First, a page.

MLB’s collective bargaining agreement has upset players

MLB's collective bargaining agreement has upset players

In an attempt to accept the terms of a new collective agreement, we learned a few days ago that MLB was going to file an offer to the players.

As expected, MLB’s first strike has begun – ridiculous. We suspected it, but it’s official: the players did not like what they saw.

Obviously, we knew it would happen, and there was no speed towards signing. There will be some more time.

Why? Because large files need to be negotiated. We are not talking about the Universal Choice Hitter that appears to have been acquired at this point.

According to Jeff Basson, one of the ideas proposed today is to offer a draft selection to clubs that do not handle the service time of big opportunities and to impose a different lottery on the draft.

We expect players to respond quickly, which is not too far behind and avoid defeat in games.

Among the problems that go * relatively well * is the process of raising the minimum wage. Players want to widen the gap between the rich and the “less fortunate” in the MLB and employers have provided an opportunity to do so.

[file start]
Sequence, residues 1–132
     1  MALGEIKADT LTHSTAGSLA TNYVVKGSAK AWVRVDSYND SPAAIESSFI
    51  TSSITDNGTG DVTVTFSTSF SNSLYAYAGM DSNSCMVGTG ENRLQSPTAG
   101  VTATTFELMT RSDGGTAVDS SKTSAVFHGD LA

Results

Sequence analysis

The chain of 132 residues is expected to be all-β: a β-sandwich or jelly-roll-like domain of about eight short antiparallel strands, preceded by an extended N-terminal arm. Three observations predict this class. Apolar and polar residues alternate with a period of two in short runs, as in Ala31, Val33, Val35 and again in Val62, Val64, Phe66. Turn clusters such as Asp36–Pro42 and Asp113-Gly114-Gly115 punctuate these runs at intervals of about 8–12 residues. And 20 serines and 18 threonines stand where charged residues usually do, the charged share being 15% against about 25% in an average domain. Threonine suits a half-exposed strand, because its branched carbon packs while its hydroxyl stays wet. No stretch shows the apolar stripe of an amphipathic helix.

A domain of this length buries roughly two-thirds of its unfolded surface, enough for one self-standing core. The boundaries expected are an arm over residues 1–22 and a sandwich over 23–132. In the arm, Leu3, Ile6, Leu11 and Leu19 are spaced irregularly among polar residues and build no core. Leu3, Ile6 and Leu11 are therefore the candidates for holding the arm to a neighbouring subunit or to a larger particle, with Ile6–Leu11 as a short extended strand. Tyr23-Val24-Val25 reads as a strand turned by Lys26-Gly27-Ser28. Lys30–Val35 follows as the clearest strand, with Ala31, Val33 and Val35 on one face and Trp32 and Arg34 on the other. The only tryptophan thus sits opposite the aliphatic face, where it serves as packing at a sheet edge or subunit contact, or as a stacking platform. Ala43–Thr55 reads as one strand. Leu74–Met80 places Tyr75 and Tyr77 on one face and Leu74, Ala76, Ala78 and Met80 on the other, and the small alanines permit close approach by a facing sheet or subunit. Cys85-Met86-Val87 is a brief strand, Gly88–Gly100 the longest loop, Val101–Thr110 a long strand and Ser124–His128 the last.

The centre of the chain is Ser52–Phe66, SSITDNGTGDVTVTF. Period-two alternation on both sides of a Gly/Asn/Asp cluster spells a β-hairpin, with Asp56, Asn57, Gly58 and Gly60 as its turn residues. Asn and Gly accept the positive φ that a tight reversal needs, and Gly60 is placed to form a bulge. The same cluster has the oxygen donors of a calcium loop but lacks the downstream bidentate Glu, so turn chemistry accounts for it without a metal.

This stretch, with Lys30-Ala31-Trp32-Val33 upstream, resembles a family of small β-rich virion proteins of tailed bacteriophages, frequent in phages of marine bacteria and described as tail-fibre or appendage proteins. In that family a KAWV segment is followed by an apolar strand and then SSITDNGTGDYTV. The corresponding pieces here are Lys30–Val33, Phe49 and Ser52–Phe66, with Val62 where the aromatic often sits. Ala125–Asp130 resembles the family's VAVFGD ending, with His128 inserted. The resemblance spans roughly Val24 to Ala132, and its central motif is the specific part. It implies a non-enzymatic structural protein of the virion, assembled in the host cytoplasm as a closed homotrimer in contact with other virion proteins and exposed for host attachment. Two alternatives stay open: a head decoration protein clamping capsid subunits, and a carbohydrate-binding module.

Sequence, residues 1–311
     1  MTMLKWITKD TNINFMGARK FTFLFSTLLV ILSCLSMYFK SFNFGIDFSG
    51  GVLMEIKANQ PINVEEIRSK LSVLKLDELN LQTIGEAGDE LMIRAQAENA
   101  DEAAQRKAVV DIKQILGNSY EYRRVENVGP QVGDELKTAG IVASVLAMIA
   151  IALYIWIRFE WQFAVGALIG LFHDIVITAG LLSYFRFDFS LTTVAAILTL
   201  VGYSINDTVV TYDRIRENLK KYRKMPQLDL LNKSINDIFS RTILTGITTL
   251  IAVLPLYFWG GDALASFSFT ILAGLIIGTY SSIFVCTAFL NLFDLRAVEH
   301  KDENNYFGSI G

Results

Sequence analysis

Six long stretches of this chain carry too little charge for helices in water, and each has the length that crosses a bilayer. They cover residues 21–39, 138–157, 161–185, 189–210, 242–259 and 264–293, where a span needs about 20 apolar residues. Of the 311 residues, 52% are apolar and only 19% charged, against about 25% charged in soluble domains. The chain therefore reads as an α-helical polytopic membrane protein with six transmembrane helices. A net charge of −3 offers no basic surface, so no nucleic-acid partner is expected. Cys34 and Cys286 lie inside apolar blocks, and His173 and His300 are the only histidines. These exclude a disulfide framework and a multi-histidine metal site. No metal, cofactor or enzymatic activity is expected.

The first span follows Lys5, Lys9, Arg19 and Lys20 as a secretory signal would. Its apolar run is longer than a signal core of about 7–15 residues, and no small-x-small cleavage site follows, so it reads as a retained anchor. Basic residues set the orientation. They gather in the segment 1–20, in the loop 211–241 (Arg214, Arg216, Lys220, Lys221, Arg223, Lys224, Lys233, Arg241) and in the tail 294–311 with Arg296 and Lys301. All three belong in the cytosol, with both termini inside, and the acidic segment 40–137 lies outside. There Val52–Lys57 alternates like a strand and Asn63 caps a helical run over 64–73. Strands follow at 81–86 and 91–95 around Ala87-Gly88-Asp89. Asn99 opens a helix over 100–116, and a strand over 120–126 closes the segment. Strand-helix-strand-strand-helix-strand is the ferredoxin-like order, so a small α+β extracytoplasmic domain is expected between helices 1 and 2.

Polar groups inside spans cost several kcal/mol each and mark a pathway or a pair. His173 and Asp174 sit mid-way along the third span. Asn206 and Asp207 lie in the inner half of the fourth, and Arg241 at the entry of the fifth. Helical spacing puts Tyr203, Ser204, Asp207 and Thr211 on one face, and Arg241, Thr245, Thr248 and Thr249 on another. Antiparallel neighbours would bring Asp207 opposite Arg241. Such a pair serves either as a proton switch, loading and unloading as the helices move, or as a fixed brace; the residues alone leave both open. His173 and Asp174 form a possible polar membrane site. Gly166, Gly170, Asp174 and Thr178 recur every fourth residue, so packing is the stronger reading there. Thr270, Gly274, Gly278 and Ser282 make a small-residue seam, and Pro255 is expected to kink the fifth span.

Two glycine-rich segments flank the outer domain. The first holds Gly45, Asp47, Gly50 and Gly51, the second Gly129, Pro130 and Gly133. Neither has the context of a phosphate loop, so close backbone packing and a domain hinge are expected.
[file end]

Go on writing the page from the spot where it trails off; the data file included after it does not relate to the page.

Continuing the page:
We are far from lips, but do not seem to contradict the MLB concept.

In fact, it was the luxury tax payroll that deceived the players. MLBPA does not see employers making any incentives to raise luxury taxes or share revenue.

Again, the minimum wage file is at the center of negotiations.

Reducing when a guy becomes a free agent is not in MLB’s immediate plans. Players want to serve six to five years based on autonomy, but employers do not want to.

So yes, there is still a long way to go. At least everyone is at the negotiating table.

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About the Author: Seth Sale

"Passionate creator. Wannabe travel expert. Reader. Entrepreneur. Zombie aficionado. General thinker."

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